After rolling out a four-phase, early-childhood education plan, Democratic gubernatorial candidate Del. Heather Mizeur addressed what she called the state's "sloppy transition" to the Common Core this year.
The Montgomery County delegate called the new standards, which overhauled curricula throughout the state this school year, "a step in the right direction," but said she had concerns about how it's been implemented.
The state has grappled with how to transition to the new curriculum while also complying with outdated mandates of the federal No Child Left Behind law.
"We would push for a different approach," Mizeur said. "Even if it requires a federal lawsuit."
Education leaders across Maryland state have expressed frustration that students are learning a new curriculum this year, but will be assessed with old standardized tests when the state administers the Maryland School Assessments next spring. State education officials said they are only giving the tests, a $6 million expense, to comply with the federal law.
In Baltimore County, teachers have run into a myriad of problems --from accessing new teaching material to racing against deadlines to get curricula written in time -- and county leaders have compared its transition to the Common Core to "building the plane as we fly it."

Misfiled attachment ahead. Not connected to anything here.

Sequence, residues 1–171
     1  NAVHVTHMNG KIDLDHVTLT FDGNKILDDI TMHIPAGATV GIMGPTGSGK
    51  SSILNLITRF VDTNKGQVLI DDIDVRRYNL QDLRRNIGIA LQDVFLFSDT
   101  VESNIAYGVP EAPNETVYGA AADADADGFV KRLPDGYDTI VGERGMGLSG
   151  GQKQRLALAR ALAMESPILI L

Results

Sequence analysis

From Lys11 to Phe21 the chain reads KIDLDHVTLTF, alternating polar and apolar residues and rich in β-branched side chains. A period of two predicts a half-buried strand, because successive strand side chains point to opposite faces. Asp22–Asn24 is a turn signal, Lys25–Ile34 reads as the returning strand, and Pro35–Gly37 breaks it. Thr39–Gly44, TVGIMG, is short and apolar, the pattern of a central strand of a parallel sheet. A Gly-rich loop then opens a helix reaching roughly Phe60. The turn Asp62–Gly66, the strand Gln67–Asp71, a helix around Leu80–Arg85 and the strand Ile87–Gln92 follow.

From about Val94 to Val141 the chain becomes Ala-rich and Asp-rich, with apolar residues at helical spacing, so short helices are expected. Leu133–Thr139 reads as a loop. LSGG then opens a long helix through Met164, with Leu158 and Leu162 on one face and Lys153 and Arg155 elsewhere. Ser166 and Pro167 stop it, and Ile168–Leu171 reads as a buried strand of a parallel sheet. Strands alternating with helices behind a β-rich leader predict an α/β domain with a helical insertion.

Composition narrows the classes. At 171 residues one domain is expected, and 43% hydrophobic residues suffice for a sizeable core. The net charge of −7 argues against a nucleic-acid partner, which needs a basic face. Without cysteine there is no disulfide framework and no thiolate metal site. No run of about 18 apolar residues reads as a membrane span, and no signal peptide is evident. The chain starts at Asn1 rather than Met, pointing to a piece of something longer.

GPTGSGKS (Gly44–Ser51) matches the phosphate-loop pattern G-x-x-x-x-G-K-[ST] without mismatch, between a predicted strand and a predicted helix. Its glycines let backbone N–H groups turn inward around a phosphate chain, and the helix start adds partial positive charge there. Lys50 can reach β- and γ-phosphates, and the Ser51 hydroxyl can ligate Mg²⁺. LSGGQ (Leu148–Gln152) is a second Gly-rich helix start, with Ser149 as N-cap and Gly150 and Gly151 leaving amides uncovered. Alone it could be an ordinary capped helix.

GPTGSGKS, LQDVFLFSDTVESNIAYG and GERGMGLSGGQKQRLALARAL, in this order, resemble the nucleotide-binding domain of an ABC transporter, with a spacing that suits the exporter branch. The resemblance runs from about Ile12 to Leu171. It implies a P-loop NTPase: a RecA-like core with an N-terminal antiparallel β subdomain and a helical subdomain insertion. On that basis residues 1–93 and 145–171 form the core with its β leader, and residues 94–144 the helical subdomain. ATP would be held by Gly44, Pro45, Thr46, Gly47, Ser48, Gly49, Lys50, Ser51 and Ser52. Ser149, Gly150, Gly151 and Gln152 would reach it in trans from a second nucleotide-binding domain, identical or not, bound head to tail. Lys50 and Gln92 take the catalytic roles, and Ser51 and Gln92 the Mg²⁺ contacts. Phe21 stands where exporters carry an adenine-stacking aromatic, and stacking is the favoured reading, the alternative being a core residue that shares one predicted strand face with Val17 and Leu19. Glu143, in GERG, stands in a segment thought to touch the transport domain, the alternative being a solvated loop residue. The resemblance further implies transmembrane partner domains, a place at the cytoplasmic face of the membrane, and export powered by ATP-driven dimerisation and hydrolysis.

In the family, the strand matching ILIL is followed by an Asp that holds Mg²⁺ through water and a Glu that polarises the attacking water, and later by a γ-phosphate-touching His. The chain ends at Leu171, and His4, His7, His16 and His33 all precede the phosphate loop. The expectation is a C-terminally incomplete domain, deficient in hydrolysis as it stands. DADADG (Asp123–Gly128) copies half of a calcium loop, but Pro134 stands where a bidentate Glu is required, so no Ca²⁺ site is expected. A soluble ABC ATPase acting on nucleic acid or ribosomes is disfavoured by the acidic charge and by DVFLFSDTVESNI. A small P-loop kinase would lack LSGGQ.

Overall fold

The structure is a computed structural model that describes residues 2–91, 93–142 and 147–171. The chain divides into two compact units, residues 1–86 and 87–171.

Education leaders have also expressed concern that districts are not equipped with the proper technology and infrastructure needed to implement the new, online assessments, called PARCC, that will align with the Common Core standards, and are scheduled to be fully implemented next school year.
A Baltimore City teacher who attended Mizeur's education plan announcement said teachers in the city are just as frustrated.
"At a classroom level, it means a lack of clarity for students," said Cristina Duncan Evans, a teacher at the Baltimore School for the Arts. "Everyone needs clear guidelines to do their best. That's what I expect in my classroom, and that's what I expect from our leadership."
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